Articles by "Aviation"

A police officer walks by floral tributes with other bystanders in Parliament Square in front of the Houses of Parliament in central London on March 24, 2017 two days after the March 22 terror attack on the British parliament and Westminster Bridge. (Photo by AFP)
The Saudi embassy in the United Kingdom has confirmed that London attack suspect Khalid Masood visited the kingdom three times, including two stints teaching English there.
Britain’s The Sun newspaper reported on Friday that the man who carried out a deadly car ramming and stabbing attack near the UK Houses of Parliament was a former English teacher working at the institution controlling Saudi Arabia’s civil aviation.
In response, the Saudi embassy issued a statement late on Friday confirming the Sun report.
"The Royal Embassy of Saudi Arabia wishes to clarify that Khalid Masood was in Saudi Arabia from November 2005 to November 2006 and April 2008 to April 2009, when he worked as an English teacher having first obtained a work visa," the embassy said in a statement.
"In 2015, he obtained an Umra visa through an approved travel agent and was in the Kingdom from the 3rd-8th March,” it added.
"During his time in Saudi Arabia, Khalid Masood did not appear on the security services' radar and does not have a criminal record in the Kingdom of Saudi Arabia," the statement claimed.
Saudi King Salman (L) and British Prime Minister Theresa May attend a (Persian) Gulf Cooperation Council summit on December 7, 2016, in the Bahraini capital Manama. (Photo by AFP)
At least four people were killed and 50 others were injured in the attack on Wednesday after the assailant plowed a car into pedestrians and stabbed a police officer near the British Parliament in London, an incident that has been declared a terrorist incident. The attacker was also shot dead by the police.
The Saudi embassy expressed its condolences to the British people, saying the kingdom “continues to stand with the United Kingdom during this difficult time and reaffirms its commitment to continue its work with the United Kingdom in any way to assist in the ongoing investigation."
The embassy went on to say that the “attack in London this week has again demonstrated the importance of international efforts to confront and eradicate terrorism.”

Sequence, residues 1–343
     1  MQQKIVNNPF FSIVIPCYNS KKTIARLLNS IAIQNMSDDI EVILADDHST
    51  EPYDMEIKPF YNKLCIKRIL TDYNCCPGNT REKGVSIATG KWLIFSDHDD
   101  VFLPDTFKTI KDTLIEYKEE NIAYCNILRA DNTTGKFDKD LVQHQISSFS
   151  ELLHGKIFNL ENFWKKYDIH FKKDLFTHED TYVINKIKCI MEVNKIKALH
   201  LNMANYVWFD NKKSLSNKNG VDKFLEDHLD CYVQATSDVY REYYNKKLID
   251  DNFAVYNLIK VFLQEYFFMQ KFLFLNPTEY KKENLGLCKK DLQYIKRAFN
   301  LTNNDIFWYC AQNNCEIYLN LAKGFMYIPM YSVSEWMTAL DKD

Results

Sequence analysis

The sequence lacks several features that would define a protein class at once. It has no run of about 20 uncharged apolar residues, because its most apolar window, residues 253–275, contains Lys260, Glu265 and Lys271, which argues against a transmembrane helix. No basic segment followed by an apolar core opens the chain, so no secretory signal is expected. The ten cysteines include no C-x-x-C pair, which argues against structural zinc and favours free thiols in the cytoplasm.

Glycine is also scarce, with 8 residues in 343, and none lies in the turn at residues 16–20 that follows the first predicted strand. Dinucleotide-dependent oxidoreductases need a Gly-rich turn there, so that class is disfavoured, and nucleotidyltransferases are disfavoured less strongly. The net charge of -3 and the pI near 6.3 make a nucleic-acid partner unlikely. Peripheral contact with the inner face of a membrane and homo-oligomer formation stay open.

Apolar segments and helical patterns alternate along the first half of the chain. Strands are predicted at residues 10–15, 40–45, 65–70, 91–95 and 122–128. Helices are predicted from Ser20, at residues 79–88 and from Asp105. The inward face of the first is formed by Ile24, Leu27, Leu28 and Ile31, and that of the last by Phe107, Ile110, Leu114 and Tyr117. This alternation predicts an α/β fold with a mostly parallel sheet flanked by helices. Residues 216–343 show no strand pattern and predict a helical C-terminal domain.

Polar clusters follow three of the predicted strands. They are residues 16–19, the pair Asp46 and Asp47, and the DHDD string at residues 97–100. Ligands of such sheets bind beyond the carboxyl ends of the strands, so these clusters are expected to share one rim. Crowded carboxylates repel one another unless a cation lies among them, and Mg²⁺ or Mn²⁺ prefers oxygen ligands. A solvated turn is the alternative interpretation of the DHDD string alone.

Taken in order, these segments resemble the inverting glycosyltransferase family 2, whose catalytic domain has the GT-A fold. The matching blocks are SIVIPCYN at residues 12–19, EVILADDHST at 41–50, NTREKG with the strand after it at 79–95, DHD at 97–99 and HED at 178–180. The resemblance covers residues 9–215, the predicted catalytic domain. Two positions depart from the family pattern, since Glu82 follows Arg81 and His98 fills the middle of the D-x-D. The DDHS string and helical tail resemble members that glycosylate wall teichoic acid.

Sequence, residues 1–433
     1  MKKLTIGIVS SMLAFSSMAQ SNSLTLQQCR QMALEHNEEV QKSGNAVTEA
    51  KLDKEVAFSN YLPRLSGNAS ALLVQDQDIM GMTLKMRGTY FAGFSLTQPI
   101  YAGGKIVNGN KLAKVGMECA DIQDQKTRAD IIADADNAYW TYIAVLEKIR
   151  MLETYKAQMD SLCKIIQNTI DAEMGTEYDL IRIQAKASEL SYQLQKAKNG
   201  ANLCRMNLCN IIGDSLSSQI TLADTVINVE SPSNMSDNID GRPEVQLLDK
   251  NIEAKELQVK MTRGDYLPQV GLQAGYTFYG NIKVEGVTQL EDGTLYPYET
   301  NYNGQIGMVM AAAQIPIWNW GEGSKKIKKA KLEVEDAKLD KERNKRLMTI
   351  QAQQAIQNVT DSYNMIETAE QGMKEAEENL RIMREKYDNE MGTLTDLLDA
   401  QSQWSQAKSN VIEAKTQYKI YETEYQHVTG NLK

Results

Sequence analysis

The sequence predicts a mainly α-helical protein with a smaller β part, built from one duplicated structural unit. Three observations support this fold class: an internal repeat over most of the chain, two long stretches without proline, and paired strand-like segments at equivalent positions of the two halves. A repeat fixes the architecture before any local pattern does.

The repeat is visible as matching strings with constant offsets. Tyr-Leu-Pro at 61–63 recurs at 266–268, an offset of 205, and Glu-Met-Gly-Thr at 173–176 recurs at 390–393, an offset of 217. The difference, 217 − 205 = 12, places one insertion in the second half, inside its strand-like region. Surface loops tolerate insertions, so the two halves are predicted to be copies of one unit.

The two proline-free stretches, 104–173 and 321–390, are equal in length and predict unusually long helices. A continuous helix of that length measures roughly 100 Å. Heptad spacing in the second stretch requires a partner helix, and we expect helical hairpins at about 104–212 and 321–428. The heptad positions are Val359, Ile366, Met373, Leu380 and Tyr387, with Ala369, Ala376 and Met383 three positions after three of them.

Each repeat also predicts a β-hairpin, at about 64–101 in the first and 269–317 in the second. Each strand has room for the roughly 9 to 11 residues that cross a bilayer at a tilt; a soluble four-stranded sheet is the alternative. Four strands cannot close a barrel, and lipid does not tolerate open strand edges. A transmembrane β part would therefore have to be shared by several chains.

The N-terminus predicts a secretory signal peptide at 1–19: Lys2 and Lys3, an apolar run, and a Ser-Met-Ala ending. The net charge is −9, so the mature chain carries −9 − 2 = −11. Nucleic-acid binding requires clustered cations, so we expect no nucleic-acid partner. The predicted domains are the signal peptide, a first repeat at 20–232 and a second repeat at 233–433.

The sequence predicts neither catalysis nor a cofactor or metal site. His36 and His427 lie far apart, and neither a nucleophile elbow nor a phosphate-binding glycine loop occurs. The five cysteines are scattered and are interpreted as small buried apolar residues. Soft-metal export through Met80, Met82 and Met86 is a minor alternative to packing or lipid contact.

“At such a time, our ongoing security cooperation is most crucial to the defeat of terrorism and the saving of innocent lives,” it stated.
Khalid Masood, the assailant of the deadly attack is treated by emergency services outside the Houses of Parliament in London on March 22, 2017. (Photo by Reuters)
This is while Saudi Arabia, where Wahhabism is widely preached and practiced, stands accused of sponsoring terrorist groups, such as Daesh, across the Middle East region.
Daesh and other Takfiri terror groups use the extremist ideology to declare people of other faiths as “infidels” and thus to kill them.
Fifteen of the 19 hijackers who allegedly carried out the September 11, 2001 attacks in the United States came from Saudi Arabia and available evidence suggests some of them were linked to high-ranking Saudi officials.
Furthermore, Saudi Arabia has been engaged in a military campaign against Yemen since March 2015 to reinstate the country's resigned president, Abd Rabbuh Mansur Hadi, a staunch ally of Riyadh, and undermine the Houthi Ansarullah movement.
The Saudi war has killed more than 11,400 Yemenis, and taken a heavy toll on the country’s facilities and infrastructure, destroying many hospitals, schools, and factories.
In Syria, the Saudi regime has been sponsoring Takfiri terrorists fighting against the government of President Bashar al-Assad since 2011 in a conflict that has taken the lives of a half a million Syrians.

Passengers traveling to the United States from 10 airports in eight Muslim-majority countries will be prohibited from bringing laptops, tablets and other portable electronic devices on board with them when they fly, March 21, 2017. (Photo by Reuters)
A US and UK ban that forbids electronic devices larger then a cell phone from being carried into cabin baggage on flights from certain states has come into effect.
The ban affects Turkey and some countries in the Middle East and North Africa such as Saudi Arabia, Egypt, Jordan, Tunisia and Lebanon.
Turkish airlines have already started to implement the ban after what American and British officials claimed that there is an increased risk that  larger electronic devices measuring 16x9.3x1.5 cementers could contain explosives.
The US Department for Homeland Security has cited attacks on planes and airports over the past two years as the reason for the ban. Bombs had been hidden in such items as a soft drink can and laptops, it said referring to the downing of a Russian airliner over Egypt in October 2015 with the loss of 224 lives and the unsuccessful Somali attack last year, respectively.
However, the Turkish transport minister has harshly criticized the new measures. And, Turkish President Recep Tayyip Erdogan urged the US and the UK to lift the ban as soon as possible.
The US ban affects airlines from Turkey, Saudi Arabia, the United Arab Emirates, Morocco, Jordan, Qatar, Egypt and Kuwait.
Britain has followed the US lead, imposing restrictions on carry-on electronic devices on planes coming from certain airports in 13 Muslim-majority countries including Turkey, Lebanon, Jordan, Egypt, Tunisia and Saudi Arabia. The British restrictions however do not include the UAE or Qatar.
A man puts his laptop inside his suitcase at Kuwait International Airport in Kuwait City before boarding a flight to the United States on March 23, 2017. (Photo by AFP)
Canada is also considering taking similar measures. Ottawa said it will examine all the related information presented by the US and Britain.